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A patellar tendon rupture is a debilitating knee injury that signifies a snap or tear of the tendon connecting the kneecap, or patella, to the shin, or tibia. In most patellar tendon ruptures, the tendon is completely torn across its width, although partial tears are possible as well. Most patellar tendon ruptures happen to individuals who are younger than 40 years old.
The patellar tendon is part of a system of muscles and ligaments in the leg that allows for normal activities such as walking, running and jumping. When the patellar tendon is fully ruptured, the injured person very often cannot stand on the affected knee or straighten the leg. Symptoms of a partial tear include pain and difficulty performing any activities that involve knee movement. This tendon helps keep the kneecap in place, so if the kneecap is moving upward along the thigh, it might be a sign of a patellar tendon rupture. Swelling also is very common, and the area is often sensitive to touch.
Patellar tendon ruptures are relatively rare, especially compared with patellar tendon strains or other more minor injuries. When a patellar tendon rupture occurs, however, it requires extensive repair. It cannot be treated simply through rest, ice or compression.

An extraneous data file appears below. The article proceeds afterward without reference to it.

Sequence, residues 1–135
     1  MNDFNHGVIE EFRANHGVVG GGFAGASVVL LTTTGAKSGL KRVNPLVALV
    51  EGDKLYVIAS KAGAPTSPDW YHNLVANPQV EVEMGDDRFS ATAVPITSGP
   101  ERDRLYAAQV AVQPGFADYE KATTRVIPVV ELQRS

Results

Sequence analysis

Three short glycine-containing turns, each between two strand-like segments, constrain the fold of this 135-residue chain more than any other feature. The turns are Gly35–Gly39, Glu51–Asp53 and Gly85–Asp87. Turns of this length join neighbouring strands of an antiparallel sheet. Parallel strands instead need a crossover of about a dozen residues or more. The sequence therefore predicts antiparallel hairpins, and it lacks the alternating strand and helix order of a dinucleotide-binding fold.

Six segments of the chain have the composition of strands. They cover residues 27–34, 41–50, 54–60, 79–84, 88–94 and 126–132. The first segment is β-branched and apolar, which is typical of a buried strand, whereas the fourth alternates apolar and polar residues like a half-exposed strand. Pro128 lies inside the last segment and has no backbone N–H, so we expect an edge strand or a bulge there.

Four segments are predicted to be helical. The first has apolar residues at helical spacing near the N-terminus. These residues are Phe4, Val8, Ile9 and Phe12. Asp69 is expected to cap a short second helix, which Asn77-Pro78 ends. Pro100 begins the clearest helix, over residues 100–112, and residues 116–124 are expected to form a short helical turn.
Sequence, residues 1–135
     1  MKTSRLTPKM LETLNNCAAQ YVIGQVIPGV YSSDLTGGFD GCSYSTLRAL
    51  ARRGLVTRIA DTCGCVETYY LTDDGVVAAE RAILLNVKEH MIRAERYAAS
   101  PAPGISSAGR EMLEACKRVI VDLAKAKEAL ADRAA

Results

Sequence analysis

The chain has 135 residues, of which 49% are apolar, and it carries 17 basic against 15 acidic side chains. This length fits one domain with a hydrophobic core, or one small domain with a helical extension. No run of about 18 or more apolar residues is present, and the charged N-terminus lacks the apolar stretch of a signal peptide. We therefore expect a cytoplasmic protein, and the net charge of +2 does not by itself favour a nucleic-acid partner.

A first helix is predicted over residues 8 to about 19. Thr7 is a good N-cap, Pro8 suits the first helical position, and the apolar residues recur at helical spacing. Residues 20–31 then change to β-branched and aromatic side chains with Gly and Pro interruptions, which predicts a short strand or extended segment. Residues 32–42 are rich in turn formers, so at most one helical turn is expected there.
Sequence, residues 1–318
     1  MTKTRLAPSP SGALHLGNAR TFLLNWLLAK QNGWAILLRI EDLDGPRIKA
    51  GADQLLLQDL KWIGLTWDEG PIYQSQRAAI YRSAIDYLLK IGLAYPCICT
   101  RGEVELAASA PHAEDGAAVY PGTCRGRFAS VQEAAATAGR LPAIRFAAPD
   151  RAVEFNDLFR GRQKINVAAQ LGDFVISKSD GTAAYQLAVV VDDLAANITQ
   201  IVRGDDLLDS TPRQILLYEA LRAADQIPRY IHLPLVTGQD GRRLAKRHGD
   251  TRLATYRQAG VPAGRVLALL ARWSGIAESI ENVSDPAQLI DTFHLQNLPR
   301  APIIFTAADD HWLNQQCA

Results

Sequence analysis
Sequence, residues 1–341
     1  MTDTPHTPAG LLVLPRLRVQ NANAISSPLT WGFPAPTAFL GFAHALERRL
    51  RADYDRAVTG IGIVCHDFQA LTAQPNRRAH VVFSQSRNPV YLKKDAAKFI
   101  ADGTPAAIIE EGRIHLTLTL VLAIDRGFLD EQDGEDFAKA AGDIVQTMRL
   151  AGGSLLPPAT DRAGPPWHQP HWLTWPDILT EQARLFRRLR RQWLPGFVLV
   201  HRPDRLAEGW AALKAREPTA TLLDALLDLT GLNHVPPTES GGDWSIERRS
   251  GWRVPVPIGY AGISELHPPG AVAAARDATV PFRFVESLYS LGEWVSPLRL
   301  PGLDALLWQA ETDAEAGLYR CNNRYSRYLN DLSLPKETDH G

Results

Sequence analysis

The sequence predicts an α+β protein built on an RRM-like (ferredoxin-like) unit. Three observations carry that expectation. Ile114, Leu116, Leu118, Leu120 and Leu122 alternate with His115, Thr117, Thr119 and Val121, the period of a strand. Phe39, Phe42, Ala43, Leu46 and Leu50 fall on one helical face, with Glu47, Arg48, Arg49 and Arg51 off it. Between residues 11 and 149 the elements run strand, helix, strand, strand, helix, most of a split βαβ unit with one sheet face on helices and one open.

If a patellar tendon rupture is suspected, one should immediately ice the knee to reduce swelling and seek medical help. Full ruptures require surgery to sew the tendon back together, and they necessitate wearing a cast or brace for as long as six weeks following the procedure. Extensive rehabilitation typically is needed after surgery to heal the knee back to proper working order. Rehabilitation can take six to 12 months, depending on the extent of the injury, and athletes can be sidelined for this period of time. Partial patellar tendon ruptures might not require surgery but still involve a great deal of rehabilitation, re-strengthening and rest time.
Injuries to the patellar tendon are often sustained because of overuse from repetitive exercise that strains the knee or arthritis. Ruptures are sometimes seen after landing on the knee at a bent or awkward angle. Sudden, quick changes of direction during running also can cause a patellar tendon rupture.
There are measures that can be taken to prevent patellar tendon ruptures. These include plenty of stretching before and after exercise, performing warm-up activities before physical activity and avoiding activities that place stress on the patellar tendon, such as excessive jumping. Anabolic steroid use can weaken the patellar tendon, making it more susceptible to ruptures, so the use of anabolic steroids should be avoided.